Medical reform Subjects (1)
New topic 2019-05-24 20:49:32 description
Last Four Years of Life Contribution. Some very rough calculations suggest a 3.5% compounded interest return should turn a quarter of Medicare payments (which we already make) should equal the whole cost of Medicare in forty years (age 25-65). However, the last four years of life caper should also pay for half of Medicare cost with an investment of considerably less than a quarter of its cost, because so much of Medicare expenditure is terminal care. Thus reducing the cost of pre-paying ten years of Medicare cost by four years of revenue ought to reduce the residual cost of the other half of Medicare, presumably allowing a 1.75% compound interest rate to be sufficient, and probably more than sufficient.
Contingency Fund. Furthermore, the contingency fund of$ at birth has grown to $ at age 65, so it would take financial catastrophes of major proportions to upset the prediction that this re-arrangement of the payment stream should wipe out the Medicare deficit now covered by foreign borrowing, If unneeded, it can be used to fund the First Years of Life program, with surplus flowing into Social Security. Furthermore, the Medicare premiums now paid by beneficiaries would then be unnecessary. These might be considered contingent contributions to retirement.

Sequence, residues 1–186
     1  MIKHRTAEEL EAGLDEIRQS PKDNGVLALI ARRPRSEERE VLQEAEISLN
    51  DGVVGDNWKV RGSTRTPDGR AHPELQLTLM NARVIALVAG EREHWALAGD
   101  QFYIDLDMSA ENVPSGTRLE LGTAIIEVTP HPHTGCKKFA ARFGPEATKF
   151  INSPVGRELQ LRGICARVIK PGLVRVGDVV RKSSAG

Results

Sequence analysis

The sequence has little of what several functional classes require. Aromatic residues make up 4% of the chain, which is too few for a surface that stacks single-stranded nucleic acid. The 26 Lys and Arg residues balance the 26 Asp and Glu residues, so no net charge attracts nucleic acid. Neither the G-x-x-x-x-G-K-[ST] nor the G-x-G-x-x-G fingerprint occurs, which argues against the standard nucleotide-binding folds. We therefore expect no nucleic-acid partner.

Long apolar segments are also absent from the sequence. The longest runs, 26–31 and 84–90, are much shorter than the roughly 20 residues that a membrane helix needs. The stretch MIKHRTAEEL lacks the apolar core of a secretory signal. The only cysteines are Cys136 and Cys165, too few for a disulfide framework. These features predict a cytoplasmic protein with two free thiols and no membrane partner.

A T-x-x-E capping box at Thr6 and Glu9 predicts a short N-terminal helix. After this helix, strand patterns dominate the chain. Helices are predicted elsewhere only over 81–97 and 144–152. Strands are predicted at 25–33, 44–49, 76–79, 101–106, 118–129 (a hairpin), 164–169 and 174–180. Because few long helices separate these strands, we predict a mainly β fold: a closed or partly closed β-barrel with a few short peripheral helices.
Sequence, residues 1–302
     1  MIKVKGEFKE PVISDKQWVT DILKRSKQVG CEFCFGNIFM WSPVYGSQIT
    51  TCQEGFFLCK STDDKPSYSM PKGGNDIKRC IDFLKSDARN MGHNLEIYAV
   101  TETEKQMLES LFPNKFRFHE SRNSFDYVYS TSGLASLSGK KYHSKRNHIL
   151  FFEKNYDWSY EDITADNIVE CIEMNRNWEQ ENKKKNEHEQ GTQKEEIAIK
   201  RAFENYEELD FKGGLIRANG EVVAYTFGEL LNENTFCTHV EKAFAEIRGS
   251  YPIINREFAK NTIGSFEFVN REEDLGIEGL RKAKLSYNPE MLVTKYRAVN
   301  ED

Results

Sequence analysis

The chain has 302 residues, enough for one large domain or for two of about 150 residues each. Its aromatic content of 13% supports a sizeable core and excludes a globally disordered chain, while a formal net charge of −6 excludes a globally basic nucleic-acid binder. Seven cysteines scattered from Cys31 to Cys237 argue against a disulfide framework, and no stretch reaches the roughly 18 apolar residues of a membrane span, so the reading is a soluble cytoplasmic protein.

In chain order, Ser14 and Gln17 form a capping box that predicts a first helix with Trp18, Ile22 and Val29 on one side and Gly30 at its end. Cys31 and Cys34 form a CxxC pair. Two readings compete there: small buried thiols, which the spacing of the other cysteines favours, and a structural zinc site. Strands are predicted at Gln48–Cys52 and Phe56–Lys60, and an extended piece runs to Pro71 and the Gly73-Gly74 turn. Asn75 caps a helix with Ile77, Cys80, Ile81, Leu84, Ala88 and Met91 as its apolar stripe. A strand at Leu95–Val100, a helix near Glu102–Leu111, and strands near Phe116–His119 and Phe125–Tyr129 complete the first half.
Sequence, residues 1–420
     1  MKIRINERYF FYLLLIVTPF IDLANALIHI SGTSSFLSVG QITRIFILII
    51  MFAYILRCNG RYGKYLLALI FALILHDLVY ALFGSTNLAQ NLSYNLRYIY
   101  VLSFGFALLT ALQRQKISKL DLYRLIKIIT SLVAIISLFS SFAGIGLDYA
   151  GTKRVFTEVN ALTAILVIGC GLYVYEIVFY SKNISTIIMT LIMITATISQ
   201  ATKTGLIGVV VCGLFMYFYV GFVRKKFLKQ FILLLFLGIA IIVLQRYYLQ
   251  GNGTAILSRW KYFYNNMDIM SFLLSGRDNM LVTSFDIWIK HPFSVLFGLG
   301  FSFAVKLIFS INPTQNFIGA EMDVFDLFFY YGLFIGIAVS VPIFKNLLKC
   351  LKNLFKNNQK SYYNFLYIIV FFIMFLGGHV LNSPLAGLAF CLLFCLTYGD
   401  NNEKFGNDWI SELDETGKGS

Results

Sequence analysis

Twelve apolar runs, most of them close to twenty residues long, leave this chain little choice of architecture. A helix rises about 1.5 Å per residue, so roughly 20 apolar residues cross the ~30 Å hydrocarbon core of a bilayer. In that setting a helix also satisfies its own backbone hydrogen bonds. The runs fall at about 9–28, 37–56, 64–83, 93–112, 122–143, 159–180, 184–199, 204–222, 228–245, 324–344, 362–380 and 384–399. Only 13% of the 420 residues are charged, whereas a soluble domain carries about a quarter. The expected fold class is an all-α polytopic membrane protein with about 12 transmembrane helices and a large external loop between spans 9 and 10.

Taken altogether, it still would not promise future beneficiaries a luxurious retirement, but it would considerably improve their outlook.
Originally published: Sunday, July 03, 2016; most-recently modified: Friday, May 24, 2019